Moss Supports Magic Collier Cup

There was thunder in the hills around Watkins Glen. Not the kind with flashing lights and pounding rain, but rather flashing cars and ground-pounding horsepower. The Zippo Vintage Grand Prix of Watkins Glen, representing some 46 years of continuous racing in the area, was held September 9-11, 1994, at Watkins Glen International.

A great deal of excitement surrounded the Collier Cup All MG Race. This year being the 40th anniversary, a special effort was made to draw as many entries as possible. Chief organizers of the recruiting effort, Greg Prehodka of Clifton, NJ, and Joe Tierno from Honeoye Falls, NY, outdid themselves drawing the largest entry of any MG race ever held in North America. Even the huge 3.4-mile Watkins Glen International track looked crowded as 64 entries prepared for the event.

Along with the vintage races, 1994 marked the second anniversary of the downtown Grand Prix Festival. This recreation of the original Watkins Glen Grand Prix road race gave the entire weekend a historic feel. Race fans, nowadays relegated to watching from behind acres of fencing, were allowed a chance to get up close and personal with the cars. Participants drove over the original course, featuring 6.6 miles of public roads complete with a famous stone bridge, an infamous railroad crossing and a picturesque view of Seneca Lake. Downtown on Franklin Street, the cars lined up in starting grid fashion for a review and celebration which lasted through Friday afternoon.

Saturday’s activities centered on practice and qualifying. Unfortunately, Ohio-based MG racer Bill Eberhardt spent most of his weekend nursing an ailing motor. After spinning a bearing in practice, Bill dropped the sump, replaced the bearing and immediately developed a rod knock. With his spirits at low ebb, Bill was ready to call it quits; however, several racers convinced him to try one more time, if only to take a green flag in the Collier Cup. Once again Bill removed the sump. An egg-shaped connecting rod journal spelled doom for his engine, but some judicious filing and scraping gave him enough oil pressure to take the green and complete one lap. Bill Eberhardt exhibited the spirit which marks sports car people as a different, hardier breed.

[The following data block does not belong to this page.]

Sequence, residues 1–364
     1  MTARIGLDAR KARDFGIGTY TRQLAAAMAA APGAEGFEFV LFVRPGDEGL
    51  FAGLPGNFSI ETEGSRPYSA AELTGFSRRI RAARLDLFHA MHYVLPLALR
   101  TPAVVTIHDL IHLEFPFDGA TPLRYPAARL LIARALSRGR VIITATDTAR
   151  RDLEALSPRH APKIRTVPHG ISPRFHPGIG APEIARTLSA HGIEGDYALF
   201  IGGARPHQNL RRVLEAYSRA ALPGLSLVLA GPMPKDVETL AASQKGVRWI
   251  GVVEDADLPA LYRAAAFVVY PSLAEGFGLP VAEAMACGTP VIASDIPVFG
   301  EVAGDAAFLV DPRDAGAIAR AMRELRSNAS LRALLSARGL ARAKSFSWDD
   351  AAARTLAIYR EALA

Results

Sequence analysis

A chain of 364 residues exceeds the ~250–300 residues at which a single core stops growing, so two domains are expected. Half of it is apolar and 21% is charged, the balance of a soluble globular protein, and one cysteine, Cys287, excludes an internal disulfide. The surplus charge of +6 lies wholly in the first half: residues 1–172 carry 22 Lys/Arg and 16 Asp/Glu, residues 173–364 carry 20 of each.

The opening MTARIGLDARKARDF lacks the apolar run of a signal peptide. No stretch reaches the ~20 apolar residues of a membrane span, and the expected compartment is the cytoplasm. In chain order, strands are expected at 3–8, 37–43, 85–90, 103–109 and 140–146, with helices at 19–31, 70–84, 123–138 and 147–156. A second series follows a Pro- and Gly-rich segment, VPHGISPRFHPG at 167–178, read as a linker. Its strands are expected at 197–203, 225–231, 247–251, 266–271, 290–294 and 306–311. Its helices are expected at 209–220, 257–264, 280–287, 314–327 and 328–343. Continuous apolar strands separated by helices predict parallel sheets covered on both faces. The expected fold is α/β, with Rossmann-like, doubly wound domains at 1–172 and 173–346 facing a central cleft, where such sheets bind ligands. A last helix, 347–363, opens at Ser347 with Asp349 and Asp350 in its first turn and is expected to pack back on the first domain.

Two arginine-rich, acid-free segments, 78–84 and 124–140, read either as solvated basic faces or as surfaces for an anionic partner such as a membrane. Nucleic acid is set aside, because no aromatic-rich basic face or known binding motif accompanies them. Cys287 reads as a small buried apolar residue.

Race day Sunday dawned windy and cold. MG racers, usually concerned about too much heat, were seen frantically taping over oil coolers in an effort to keep engine temperatures up. On the pre-grid, spectators were treated to a cross section of MG racing history. The beautifully prepared N-type Magnette of Bob Sterling from Andover, IL, represented MG’s prewar origins. T-series cars, from bumper and windshield equipped to full-tilt racers, were equally mixed with the various permutations of MGA. There were also MGBs, Midgets, an early Lester MG and even a surprisingly quick MG 1300 sedan. Was anything not represented? Well, this writer was hoping to sec a ZB Magnette with big rally lights on top, or maybe a Y-type—just to round out the field.

With the cars lined up, and the parade lap complete, it was time to race. Tony Simms of Ontario, Canada, in his well-prepared MGA Twin Cam led from the pole, but he couldn’t hold off the hard charging MGB of Tim Handy. Tim, who came in from Goode. VA, took the lead on lap five and held on to win at an average 75.97 mph. Not bad for an engine which, according to Tim, never turned over 6,000 rpm on the 3.4-mile course. We suspect a few extra revs may have been lost in the telling. Sixth overall, and first among the MG T-series cars, was Don Martine of Pacific Grove, CA, in the John von Neuman MG TD. This famous West Coast car was undefeated in its first full year of racing in 1950.

Another entrant of particular note was Denver Cornett from Prospect, KY. Denver wasn’t driving fast out on the track, but that’s to be forgiven, as he and his 1947 MG TC competed in the first Watkins Glen event back in 1948. The car has recently been restored with an emphasis on maintaining originality. By his own account, Denver was the first person to roll a car in a US Grand Prix after World War II. We’ll bring you a more detailed account of his exploits in a future Moss Motoring.

The Collier Cup itself is not awarded to the first car across the finish line, but rather to the individual who best exhibits the spirit of camaraderie and competition. This year, the cup was awarded jointly to Greg Prehodka and Joe Tierno. Their investment of time and effort in recruiting entrants and coordinating activities was beyond the call of mere volunteerism. We at Moss salute you two gentlemen for your efforts. We would also like to thank Frank Rupp of Sportscar Vintage Racing Association for sanctioning the Collier Cup through thick and thin. A great race weekend can’t happen with out a great venue. Special thanks are due J.J. O’Mally, Maryanne Schumaker and Lynn Hodges and all the staff and management of Watkins Glen International. You all worked together and put on quite a show!

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